Lights, Camera, Appropration!: The Problem with Hollywood’s Aversion to Traditional Voice Actors

Why not keep the iconic voices we know and love?

Adam Lovegrove
22nd May 2023
Image from IMDb
Illumination’s casting of Chris Pratt for the titular character of The Super Mario Bros. Movie has raised discussion once again on Hollywood’s problem with casting celebrity stars in animated films over the original voices of characters.

Everyone knows who Super Mario is. With a history of games spanning nearly 40 years, he has undeniably become one of the most recognisable characters of all time. If I were to ask you to name some of Mario’s most recognisable traits, what would you say? Many would go for his thick moustache; or his blue overalls; or even his bright red hat with the big letter “M” on it. But almost anyone you ask would be quick to mention his high-pitched Italian accent. It is a central part of his identity that Charles Martinet has provided the voice of for so many years, who has helped shape the Mario we know today.

So when Hollywood star Chris Pratt was announced to be the voice of the famous plumber in his upcoming movie, the internet erupted. Thousands of Twitter replies, Youtube comments and posts on any social media site you could imagine responded in anger, humour or just plain confusion at this casting decision. For a movie that seemed to keep it’s world so accurate to it’s videogame counterparts, from the locations to the character designs, people were outraged at the decision to replace one of the most iconic features of Mario. But why?

Chris Pratt sounds nothing like Mario though, not even attempting to somewhat resemble the voice Charles Martinet gave the character all the way back in 1994

The most obvious issue is the fact that Chris Pratt’s voice simply does not suit Mario. Other celebrity re-castings of videogame characters usually make some amount of sense, such as Ben Schwartz’take on Sonic the Hedgehog, which manages to maintain the character’s cocky and carefree attitude while also providing a much more childish voice to fit this inception of the character. Chris Pratt sounds nothing like Mario though, not even attempting to somewhat resemble the voice Charles Martinet gave the character all the way back in 1994.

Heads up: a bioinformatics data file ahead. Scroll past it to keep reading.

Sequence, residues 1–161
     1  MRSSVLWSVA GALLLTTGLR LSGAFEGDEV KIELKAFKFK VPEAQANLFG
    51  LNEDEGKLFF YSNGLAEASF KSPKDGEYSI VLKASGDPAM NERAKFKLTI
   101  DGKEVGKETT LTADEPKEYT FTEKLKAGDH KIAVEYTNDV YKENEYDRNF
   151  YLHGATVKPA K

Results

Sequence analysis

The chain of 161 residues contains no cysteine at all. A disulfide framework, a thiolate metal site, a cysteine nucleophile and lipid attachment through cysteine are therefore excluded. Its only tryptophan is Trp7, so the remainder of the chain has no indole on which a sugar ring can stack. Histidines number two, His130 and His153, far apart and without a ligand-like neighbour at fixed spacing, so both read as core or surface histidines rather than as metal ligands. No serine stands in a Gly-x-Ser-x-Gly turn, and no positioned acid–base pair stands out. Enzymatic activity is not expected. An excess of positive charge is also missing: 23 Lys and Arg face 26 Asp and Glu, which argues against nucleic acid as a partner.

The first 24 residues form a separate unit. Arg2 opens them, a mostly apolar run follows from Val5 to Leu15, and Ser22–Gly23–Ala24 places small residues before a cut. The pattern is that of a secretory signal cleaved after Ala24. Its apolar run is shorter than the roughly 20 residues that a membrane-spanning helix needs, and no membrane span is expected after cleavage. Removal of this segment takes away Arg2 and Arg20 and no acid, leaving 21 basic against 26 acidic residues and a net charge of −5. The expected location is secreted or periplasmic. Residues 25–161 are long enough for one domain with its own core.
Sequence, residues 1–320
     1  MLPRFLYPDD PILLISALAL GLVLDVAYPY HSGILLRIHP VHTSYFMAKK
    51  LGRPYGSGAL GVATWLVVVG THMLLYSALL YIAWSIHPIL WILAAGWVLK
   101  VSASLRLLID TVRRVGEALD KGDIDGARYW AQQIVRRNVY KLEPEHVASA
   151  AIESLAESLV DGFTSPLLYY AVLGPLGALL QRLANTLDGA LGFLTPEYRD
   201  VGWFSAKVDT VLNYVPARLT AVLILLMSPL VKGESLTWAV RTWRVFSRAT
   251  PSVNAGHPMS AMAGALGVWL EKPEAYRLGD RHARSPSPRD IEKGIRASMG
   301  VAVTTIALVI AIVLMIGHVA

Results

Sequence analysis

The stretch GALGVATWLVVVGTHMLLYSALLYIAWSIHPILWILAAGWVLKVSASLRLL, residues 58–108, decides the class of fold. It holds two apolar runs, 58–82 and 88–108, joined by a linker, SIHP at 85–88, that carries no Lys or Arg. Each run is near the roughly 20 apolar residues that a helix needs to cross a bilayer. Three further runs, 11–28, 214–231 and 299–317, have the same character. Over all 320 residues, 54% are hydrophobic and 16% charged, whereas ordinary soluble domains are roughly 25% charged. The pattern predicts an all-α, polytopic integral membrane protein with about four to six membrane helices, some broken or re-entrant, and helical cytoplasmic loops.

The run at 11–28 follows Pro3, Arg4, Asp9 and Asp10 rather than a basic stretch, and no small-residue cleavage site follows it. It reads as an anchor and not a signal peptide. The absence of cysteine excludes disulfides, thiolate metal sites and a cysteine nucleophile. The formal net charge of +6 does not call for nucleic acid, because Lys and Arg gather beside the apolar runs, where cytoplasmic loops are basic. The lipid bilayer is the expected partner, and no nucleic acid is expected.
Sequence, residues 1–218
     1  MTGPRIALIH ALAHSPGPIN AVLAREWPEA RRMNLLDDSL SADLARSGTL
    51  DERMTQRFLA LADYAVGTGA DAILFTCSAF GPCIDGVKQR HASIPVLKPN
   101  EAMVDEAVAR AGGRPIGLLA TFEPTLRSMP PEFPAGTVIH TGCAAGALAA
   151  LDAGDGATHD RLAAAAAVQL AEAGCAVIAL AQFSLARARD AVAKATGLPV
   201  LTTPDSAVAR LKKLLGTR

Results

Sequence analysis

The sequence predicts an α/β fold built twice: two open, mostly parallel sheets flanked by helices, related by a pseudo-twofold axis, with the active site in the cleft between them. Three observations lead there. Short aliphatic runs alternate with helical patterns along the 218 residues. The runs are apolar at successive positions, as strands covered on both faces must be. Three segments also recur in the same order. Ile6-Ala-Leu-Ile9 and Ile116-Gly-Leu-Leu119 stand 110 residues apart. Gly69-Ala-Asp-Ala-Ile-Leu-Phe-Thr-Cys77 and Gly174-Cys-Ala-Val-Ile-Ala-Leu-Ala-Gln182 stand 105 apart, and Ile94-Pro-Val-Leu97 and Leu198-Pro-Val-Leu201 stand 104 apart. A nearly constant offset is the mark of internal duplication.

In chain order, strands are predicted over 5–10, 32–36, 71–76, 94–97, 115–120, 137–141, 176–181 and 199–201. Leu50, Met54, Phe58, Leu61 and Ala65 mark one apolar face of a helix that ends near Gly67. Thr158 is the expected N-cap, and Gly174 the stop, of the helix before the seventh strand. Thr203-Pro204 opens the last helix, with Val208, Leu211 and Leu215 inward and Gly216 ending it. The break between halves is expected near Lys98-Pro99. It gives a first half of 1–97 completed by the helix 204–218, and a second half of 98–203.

Charles Martinet truly loves the character of Mario

But underneath this problem lies Hollywood’s focus on sales figures over all other matters, opting for A-List names on posters to sell tickets rather than pleasing the loyal fans who have made the existence of these franchises possible for so long. Chris Pratt may rake in a larger profit at the end of the day, but Charles Martinet truly loves the character of Mario, having stuck with him for so many years and being as crucial to Mario’s personality as the design itself.

There’s a misconception that voice actors are always less talented than Hollywood stars, and shouldn’t be given the opportunity to voice in blockbuster films. But the reality is that voice actors are seen by the industry as easily replacable because the character will always look the same. Studios need to provide more protection for these beloved voice actors: a job which deserves so much more respect than it gets.

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